Classicist and poet Robert Graves' superb two-volume retelling of the Greek myths for a modern audience has been regarded for over fifty years as the definitive version. Drawing on the entire canon of ancient literature, Graves weaves together all the elements of every myth into a single harmonious narrative. Ideal for the first time reader, it is also accompanied by commentaries, cross-references, variants and explanations that make it equally valuable as a work of scholarly reference. The result is a dazzling and comprehensive account of the gods and monsters, the heroic feats and appalling tragedies of ancient Greece, many of them among the greatest stories ever told. In this second volume, Graves recounts the tragedies of Oedipus, Iphigineia and Medea, the labours of Hercules, the voyages of Odysseus, the adventures of Jason and the Argonauts, the epic story of the Trojan War, as well as many, many others.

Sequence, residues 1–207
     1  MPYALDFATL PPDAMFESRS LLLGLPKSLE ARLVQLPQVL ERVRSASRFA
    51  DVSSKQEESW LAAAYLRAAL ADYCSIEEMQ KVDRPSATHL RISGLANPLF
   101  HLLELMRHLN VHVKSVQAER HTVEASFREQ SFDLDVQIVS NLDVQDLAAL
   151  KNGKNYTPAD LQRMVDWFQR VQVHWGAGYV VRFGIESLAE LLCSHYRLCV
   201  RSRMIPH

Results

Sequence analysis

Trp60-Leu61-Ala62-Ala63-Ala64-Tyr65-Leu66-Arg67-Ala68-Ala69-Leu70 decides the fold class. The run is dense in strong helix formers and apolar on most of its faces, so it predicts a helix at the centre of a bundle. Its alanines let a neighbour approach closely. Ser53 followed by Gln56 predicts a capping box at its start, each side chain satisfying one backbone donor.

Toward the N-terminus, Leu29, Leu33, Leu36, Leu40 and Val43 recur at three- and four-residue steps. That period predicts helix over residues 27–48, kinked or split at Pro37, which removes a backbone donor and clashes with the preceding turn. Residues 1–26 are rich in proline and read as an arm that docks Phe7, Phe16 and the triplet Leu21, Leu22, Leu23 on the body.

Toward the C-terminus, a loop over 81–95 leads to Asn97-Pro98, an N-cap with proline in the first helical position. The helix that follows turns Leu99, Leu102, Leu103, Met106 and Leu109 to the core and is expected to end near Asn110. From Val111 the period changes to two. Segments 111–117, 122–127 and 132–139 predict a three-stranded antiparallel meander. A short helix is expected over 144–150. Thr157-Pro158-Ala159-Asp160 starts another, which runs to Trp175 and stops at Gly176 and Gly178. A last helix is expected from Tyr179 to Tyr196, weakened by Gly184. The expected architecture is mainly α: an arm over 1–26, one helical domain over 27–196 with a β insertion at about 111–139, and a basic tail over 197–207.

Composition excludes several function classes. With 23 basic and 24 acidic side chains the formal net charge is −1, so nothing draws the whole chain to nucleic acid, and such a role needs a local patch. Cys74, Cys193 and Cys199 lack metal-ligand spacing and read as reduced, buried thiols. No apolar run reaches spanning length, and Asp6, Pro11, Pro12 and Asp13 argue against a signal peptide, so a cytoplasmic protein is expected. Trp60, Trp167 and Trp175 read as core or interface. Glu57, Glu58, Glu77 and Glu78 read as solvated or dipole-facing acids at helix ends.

Robert Graves was born in 1895 in Wimbledon. He went from school to the First World War, where he became a captain in the Royal Welch Fusiliers and was seriously wounded at the Battle of the Somme. He wrote his autobiography, Goodbye to All That, in 1929, and it was soon established as a modern classic. He died on 7 December 1985 in Majorca, his home since 1929.